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Most businesses shun public cloud but consider private cloud

UK businesses are considering the introduction of private cloud platforms while waiting for the public cloud market to mature, according to research from analyst firm Quocirca.

The survey of almost 1,000 organisations, including 101 UK companies, shows that almost half are positive about using the cloud as part of their IT platform, compared with 10% which consider cloud as a "passing fad".

Some 45% of respondents are considering the use of private clouds, either in private, co-located or external datacentres. Only 14% want to use purely public cloud services, such as Google App Engine and Microsoft Azure, with 8% thinking about a hybrid mix of public and private.


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The research also shows that 25% of respondents believe the cloud market is yet to reach maturity, expecting early offerings to be overtaken by cloud platforms developed by IBM, HP or Oracle.

 

Rise of hybrid

Quocirca believes more companies will opt for hybrid cloud services, moving more towards the public cloud, to reduce maintenance costs and ownership issues, and to increase flexibility.

Bob Tarzey, director at Quocirca, says opting for a hybrid environment will allow businesses to ensure future access to new services and allow unpredictable costs to be managed externally.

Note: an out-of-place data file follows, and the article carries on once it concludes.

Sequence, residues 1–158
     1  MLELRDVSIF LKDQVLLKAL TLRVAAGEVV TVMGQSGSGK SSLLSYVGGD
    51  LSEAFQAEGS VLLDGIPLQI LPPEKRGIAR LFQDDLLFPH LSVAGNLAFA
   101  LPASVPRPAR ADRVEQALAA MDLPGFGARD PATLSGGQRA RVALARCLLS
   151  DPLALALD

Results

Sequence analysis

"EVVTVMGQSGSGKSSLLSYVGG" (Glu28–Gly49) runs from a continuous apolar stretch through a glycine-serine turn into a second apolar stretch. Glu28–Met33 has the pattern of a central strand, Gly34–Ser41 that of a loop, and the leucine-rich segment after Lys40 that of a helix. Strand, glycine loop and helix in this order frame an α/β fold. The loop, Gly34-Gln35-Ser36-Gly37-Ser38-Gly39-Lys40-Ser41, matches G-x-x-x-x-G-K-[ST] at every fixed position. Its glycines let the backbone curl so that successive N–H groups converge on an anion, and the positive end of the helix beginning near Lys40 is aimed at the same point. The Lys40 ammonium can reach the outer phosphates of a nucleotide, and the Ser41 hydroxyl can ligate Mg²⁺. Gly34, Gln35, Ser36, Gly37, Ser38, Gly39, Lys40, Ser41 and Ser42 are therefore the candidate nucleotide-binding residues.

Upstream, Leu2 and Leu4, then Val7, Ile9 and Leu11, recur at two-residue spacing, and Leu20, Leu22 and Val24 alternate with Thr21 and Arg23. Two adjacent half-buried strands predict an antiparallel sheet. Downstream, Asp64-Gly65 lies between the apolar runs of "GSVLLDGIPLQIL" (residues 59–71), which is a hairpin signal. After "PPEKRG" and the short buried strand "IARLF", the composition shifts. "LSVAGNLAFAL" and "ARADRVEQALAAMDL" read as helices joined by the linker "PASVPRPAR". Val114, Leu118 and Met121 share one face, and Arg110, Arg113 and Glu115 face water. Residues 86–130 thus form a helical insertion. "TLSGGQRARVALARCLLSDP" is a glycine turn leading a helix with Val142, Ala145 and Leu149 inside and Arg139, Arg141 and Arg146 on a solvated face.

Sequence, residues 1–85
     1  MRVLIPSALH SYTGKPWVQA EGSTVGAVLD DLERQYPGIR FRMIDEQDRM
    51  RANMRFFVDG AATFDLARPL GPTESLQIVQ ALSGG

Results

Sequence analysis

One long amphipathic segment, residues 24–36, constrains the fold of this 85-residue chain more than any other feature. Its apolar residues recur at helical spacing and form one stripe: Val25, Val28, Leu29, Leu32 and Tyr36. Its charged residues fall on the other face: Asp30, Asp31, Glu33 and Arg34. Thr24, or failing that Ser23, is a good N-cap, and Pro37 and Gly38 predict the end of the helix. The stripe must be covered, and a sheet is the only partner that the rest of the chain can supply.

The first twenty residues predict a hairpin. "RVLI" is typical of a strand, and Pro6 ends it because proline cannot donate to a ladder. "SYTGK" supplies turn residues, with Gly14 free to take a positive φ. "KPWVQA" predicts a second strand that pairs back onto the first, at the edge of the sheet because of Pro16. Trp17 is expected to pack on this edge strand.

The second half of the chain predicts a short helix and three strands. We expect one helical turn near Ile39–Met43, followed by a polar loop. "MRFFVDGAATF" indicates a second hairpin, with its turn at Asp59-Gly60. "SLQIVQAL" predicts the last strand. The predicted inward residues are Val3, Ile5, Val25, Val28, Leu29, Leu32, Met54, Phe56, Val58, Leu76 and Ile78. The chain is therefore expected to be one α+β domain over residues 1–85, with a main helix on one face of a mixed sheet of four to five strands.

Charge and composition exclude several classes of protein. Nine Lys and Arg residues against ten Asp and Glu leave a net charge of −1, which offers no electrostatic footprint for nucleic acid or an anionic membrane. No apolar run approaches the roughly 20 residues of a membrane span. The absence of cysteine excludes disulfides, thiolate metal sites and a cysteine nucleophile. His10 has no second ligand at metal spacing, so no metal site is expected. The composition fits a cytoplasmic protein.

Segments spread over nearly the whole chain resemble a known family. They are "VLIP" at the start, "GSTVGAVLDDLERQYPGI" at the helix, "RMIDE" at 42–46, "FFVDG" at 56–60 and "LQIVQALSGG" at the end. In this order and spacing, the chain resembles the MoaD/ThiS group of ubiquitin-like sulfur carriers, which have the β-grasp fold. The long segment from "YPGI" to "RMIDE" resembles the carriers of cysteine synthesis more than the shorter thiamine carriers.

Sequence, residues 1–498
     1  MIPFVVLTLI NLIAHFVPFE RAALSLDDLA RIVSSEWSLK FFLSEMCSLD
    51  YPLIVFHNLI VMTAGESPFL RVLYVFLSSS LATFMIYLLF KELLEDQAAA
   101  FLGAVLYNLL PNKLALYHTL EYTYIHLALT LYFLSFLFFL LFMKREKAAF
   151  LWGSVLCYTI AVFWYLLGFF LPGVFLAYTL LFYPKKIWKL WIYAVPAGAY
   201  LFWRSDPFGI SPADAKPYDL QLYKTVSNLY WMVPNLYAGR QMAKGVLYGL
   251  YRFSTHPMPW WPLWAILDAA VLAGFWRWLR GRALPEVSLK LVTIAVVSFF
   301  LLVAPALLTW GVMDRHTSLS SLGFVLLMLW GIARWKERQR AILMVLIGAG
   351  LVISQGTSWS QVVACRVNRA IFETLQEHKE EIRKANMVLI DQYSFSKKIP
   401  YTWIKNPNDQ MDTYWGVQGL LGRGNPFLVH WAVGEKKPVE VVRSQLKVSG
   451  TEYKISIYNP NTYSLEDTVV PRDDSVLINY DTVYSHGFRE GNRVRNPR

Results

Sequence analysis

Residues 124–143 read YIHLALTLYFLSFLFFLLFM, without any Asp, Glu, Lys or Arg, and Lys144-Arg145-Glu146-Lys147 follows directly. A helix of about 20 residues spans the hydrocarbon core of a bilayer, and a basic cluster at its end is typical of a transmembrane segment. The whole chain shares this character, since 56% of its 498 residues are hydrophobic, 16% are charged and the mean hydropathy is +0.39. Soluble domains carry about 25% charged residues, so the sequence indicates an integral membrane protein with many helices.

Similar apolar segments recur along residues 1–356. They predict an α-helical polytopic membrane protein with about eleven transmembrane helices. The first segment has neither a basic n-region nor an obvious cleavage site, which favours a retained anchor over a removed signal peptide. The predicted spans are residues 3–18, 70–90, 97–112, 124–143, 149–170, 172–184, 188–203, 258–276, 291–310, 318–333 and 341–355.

Some sectors have shown greater adoption of cloud services, with the telecoms sector leading, followed by utilities.

"Many utilities companies have very large computer systems and there has long been a need to optimise these to gain benefits through consolidation and higher utilisation rates on IT assets," said Tarzey.

Financial services companies show the lowest propensity for cloud computing services, which Quocirca suggests could reduce opportunities for companies in the sector to cut costs and innovate.

Fears over cloud security also rated highly among public sector organisations.

 

Education needed to tackle security concerns

Overall, UK companies' positive considerations of cloud-based services were undermined by security concerns. Tarzey suggests education is needed to dispel fears of data loss after so many high-profile media reports of compromised citizen data.

"Data can be managed in multiple different ways, such as anonymisation, using hash keys between different data sets or secure data vaults to minimise security risks," he said.

Quocirca says organisations also overlooked the common use of cloud-based services within businesses, such as Google Maps, or Concur and KDS Systems for cloud-based expenses management.

"Failure to consider cloud as part of the mix may have a strong negative impact on the capability of the business to operate successfully within its market," said Tarzey.


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